Becoming Traviata Reviews

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December 13, 2013
Becoming Traviata is certainly one of the most riveting and imaginative ways in which documentary has ever presented the creative process of opera productions and the passion and talent of each individual involved in it. Filmmaker Béziat employs a fly-on-the-wall approach in following the preparations of a staging of Giuseppe Verdi's masterwork La Traviata at the Aix-en-Provence Festival in France. He particularly focuses on celebrated opera singer Natalie Dessay as she prepares to take on the leading role of Violetta. Her presence is powerful and magnetic, yet it is far from being the conventional representation of the 'diva' opera singer. In fact, Becoming Traviata offers a revelation of the world of opera that is far from the snobbery and pretentiousness that it is sometimes identified with. It is rather presented as a disciplined and sometimes demanding yet joyful and exciting expression of artistic freedom and, in this case, the re-interpretation and modernisation of the mise-en-scene of one of the most recognised and praised works in the history of classical music. Admittedly, the film opens to a riveting crescendo and reaches an enthusiastic height in its beginning that it sometimes struggles to match as it progresses. Nevertheless, the structure of the film that unfolds with and remains faithful to the emotional charge and intensity of the opera work makes it entertaining throughout as we get to follow the parallel physical and emotional developments of both the behind the scene machinations and the Italian composer's original vision. And (is there any need to say it) the music itself is sublime!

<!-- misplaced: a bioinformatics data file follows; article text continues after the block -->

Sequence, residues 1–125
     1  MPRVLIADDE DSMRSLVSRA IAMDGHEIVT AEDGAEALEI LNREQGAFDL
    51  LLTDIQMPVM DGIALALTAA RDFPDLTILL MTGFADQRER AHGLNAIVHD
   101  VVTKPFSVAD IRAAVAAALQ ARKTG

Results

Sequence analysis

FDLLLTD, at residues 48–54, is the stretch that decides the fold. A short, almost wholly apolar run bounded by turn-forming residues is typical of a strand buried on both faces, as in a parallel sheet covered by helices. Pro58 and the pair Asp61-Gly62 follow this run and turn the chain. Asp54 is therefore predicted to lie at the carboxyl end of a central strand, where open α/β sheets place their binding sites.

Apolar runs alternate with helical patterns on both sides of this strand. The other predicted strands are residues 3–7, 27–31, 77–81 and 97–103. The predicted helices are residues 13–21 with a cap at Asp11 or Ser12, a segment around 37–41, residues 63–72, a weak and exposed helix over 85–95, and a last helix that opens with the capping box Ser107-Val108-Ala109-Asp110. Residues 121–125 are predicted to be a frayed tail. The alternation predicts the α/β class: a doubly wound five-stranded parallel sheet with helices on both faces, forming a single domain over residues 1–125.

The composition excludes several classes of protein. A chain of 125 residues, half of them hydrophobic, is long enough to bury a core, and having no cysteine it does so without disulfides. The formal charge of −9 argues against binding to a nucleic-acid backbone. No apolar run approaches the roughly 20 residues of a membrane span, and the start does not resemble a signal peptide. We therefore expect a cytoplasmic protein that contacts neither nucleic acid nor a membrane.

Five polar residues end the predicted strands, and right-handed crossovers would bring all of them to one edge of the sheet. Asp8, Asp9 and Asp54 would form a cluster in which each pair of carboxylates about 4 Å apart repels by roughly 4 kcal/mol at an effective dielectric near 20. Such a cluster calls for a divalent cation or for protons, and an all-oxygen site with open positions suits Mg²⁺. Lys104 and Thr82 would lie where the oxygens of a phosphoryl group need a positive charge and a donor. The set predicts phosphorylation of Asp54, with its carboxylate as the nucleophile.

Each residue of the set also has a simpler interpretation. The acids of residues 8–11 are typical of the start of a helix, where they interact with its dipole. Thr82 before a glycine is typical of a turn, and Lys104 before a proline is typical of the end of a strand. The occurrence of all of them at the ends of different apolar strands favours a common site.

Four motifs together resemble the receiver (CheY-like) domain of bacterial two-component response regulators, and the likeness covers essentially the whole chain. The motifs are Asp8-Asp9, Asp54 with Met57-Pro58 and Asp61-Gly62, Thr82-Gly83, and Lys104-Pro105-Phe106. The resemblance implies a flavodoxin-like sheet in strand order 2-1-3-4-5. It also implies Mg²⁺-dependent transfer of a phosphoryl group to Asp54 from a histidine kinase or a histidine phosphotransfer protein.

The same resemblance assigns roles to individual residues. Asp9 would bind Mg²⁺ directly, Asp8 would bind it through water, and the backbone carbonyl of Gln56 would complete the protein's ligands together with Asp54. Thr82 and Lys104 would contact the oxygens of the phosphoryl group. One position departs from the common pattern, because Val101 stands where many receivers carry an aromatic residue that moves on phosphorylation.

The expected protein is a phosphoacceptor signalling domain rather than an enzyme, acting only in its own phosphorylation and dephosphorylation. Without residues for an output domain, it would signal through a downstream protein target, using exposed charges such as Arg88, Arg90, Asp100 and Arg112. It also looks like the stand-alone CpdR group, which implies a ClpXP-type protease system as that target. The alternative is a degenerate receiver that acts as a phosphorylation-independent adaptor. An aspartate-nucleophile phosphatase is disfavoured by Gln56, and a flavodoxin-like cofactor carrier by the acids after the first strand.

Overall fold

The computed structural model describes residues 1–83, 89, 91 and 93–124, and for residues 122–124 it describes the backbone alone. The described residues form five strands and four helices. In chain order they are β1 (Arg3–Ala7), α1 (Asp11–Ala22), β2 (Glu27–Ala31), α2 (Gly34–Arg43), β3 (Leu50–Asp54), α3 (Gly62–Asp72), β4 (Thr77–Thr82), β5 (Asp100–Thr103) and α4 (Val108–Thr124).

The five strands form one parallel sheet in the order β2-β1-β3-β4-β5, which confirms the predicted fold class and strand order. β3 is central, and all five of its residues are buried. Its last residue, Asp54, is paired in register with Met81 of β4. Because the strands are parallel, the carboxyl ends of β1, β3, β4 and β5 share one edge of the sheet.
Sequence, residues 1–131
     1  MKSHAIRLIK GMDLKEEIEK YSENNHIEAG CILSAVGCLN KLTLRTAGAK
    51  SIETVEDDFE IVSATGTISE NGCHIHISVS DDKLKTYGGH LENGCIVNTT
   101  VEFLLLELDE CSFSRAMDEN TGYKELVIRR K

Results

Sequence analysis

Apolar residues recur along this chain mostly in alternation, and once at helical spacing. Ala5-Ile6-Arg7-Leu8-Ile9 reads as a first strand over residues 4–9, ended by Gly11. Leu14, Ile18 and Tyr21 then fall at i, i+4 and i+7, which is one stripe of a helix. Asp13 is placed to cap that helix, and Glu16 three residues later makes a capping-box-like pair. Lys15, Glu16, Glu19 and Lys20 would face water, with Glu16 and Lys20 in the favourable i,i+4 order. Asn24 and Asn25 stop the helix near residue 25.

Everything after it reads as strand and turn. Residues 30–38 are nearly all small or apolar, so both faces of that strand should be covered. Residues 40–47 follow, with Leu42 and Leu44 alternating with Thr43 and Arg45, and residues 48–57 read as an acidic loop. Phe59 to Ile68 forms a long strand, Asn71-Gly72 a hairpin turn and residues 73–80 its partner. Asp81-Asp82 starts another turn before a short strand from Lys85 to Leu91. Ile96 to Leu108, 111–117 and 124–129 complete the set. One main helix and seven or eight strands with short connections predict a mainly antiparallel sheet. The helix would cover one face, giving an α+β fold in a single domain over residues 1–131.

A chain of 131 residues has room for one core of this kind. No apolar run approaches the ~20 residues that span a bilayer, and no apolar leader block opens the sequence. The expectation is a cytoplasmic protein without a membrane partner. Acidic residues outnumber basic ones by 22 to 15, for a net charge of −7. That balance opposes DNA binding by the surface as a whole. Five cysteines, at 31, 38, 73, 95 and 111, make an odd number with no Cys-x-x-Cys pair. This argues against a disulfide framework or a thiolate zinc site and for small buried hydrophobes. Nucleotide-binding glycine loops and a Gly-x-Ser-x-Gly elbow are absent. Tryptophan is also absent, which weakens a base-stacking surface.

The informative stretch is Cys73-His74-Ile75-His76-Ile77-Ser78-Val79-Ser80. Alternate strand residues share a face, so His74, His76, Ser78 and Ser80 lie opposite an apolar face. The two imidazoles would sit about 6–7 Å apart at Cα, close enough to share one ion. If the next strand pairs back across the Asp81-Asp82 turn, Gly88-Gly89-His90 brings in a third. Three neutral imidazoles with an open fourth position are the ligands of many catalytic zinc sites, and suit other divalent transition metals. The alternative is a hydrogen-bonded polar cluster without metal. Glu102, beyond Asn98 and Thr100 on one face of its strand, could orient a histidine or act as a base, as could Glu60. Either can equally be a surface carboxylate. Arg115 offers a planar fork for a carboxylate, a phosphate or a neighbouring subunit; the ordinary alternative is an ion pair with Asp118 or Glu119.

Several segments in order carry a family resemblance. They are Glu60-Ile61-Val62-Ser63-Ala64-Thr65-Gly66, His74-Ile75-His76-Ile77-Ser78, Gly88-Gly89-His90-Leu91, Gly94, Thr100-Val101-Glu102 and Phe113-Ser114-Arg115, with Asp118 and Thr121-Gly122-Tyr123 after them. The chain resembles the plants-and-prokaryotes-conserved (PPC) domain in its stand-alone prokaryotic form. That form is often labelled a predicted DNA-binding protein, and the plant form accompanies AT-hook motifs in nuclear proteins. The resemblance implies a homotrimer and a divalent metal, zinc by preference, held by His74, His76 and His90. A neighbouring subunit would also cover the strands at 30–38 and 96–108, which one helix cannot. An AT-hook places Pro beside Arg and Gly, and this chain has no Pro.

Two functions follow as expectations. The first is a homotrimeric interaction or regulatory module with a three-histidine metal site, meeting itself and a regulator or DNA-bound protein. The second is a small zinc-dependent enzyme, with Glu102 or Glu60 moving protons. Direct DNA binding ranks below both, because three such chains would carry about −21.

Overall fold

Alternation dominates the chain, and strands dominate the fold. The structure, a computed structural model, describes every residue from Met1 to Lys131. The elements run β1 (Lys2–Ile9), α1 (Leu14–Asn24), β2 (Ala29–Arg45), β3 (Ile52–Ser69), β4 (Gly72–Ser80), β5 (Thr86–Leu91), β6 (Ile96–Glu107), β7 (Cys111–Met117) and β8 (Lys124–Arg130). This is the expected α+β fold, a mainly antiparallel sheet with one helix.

December 6, 2013
This attempt to give an "insider's" view of a French production of "La Traviata" does not succeed. We see bits and pieces and listen to a lot of conversation about a pecurliarly conceived version of the Verdi classic starring Natalie Dessay, who we were lucky to see perform the role in Santa Fe. No actual footage of a performance is included in this mish mash of a documentary. When placed alongside the far superior "Wagner and Me" conceived by Stephen Fry, this film pales dreadfully!
½ May 10, 2013
Went to an advanced screening. was terrific.
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